Is it a case of "too little, too late" or "better late than never"? The answer, in the context of Tuesday's indefinite suspension of the Indian Premier League, depends on how optimistic or pessimistic one is about life. But the decision to call off the world's richest cricket competition midway through the season, at a time when the coronavirus pandemic is devastating the country in which it is being held, is the right one. And that is what's important, both for India and the game itself.
In February, the number of Covid-19 cases in India began rising, with infections averaging at about 10,000 per day. The situation worsened in April due to several factors, ranging from irresponsible behaviour among the public to the government’s lack of preparedness for a predictable “second wave”. Election rallies, religious festivals and other social gatherings were all held, many of which became superspreader events. Behind the aggregate figures – 20 million people infected and 222,000 dead – are soul-crushing stories of people dying on the streets, sometimes outside hospitals.
Amid this unprecedented crisis, it has puzzled many to see live cricket being broadcast on television from stadiums inside the country. Many within the cricket fraternity and outside have questioned the rationale for the BCCI, the competition organiser, kicking off the season, which started on April 9, in the first place. Even though the tournament was being staged inside bio-secure bubbles, criticism grew louder over the fact it was being held in cities most affected by the pandemic, particularly Delhi.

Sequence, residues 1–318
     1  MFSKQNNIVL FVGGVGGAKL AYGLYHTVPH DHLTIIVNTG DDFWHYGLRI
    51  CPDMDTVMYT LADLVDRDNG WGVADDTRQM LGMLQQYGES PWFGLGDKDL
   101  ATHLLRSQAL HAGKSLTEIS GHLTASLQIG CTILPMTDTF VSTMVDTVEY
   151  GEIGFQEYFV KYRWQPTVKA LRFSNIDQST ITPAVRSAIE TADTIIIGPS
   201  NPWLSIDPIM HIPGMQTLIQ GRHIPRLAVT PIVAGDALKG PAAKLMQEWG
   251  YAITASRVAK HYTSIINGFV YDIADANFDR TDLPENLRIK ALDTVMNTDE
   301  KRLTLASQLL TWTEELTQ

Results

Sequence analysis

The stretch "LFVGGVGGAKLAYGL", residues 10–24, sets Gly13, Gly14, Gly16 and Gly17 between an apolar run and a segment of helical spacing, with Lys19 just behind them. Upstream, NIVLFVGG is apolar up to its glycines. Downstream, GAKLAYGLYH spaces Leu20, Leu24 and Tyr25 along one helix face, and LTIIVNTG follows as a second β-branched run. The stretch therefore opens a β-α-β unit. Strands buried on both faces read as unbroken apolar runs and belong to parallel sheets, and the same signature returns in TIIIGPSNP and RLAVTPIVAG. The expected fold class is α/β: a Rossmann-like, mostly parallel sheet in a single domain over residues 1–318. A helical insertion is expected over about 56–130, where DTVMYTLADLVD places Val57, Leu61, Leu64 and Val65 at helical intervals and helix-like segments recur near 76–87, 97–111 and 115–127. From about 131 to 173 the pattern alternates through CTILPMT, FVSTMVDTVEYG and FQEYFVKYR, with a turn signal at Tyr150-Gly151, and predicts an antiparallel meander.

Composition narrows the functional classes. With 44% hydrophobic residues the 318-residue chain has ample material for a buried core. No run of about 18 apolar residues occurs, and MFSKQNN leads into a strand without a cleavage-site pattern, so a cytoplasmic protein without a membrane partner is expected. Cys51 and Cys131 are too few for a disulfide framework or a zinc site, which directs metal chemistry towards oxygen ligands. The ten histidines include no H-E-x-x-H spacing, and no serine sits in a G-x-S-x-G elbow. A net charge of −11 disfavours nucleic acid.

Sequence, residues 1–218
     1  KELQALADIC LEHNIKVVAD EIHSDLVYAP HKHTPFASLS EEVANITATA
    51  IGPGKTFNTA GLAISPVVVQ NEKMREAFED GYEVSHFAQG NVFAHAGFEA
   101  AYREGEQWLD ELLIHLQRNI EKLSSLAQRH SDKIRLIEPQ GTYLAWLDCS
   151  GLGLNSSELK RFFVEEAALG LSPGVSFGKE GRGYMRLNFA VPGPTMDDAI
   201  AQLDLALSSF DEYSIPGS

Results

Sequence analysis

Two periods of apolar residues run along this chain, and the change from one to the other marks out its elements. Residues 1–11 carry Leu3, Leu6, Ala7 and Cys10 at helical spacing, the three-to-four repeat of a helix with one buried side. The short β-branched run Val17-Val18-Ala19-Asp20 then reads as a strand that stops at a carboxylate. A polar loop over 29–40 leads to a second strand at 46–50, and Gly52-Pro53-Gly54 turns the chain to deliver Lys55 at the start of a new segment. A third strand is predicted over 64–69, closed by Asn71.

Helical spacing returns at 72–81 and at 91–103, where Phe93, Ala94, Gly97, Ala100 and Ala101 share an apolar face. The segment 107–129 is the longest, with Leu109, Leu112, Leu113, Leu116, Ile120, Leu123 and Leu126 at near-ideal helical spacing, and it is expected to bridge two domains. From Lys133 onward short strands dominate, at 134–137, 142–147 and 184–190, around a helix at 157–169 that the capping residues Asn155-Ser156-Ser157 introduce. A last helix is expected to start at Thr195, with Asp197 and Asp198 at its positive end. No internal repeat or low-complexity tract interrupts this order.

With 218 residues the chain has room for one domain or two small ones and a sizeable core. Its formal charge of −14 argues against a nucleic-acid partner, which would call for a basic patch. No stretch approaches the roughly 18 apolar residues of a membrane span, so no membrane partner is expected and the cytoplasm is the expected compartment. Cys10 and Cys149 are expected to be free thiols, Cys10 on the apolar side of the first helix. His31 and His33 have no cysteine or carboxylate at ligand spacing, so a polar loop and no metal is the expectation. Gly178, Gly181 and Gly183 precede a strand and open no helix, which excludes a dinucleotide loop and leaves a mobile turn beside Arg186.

According to some, ambulances and fully kitted-out mobile-testing centres commissioned to look after the eight competing teams and organisers could no doubt have been activated instead for the public good. Cricket writer and podcaster Siddhartha Vaidyanathan put it best on Twitter, when he said: “A national tragedy is a time for every single resource. Players are being tested every other day. Ambulances wait outside stadiums. Police requirement. These are resources that can save lives. And every life matters.”
Even if going ahead with the IPL was justified – it was surely a welcome distraction for many, at first – its continuation up to this point has been criticised for appearing "tone deaf". In a searing piece for the Hindustan Times, veteran journalist Sharda Ugra wrote: "The IPL plays itself out nightly on our TV screens. Bubble-wrapped into tone deafness in a persistent, foghorn blast for its many sponsors every five minutes, rather than any quiet, measured acknowledgement of the suffering outside its gates."
Indeed, could the presentation have reflected the sombre national mood, by way of mellower live commentary, more thoughtful product placements and regular in-stadia announcements acknowledging the suffering? Absolutely.
Ugra's point has rankled many cricket fans who follow European club football. Some have pointed, with a measure of envy, to the amount of time, money and effort clubs such as Manchester City have invested in the communities they are part of, especially in these hard times.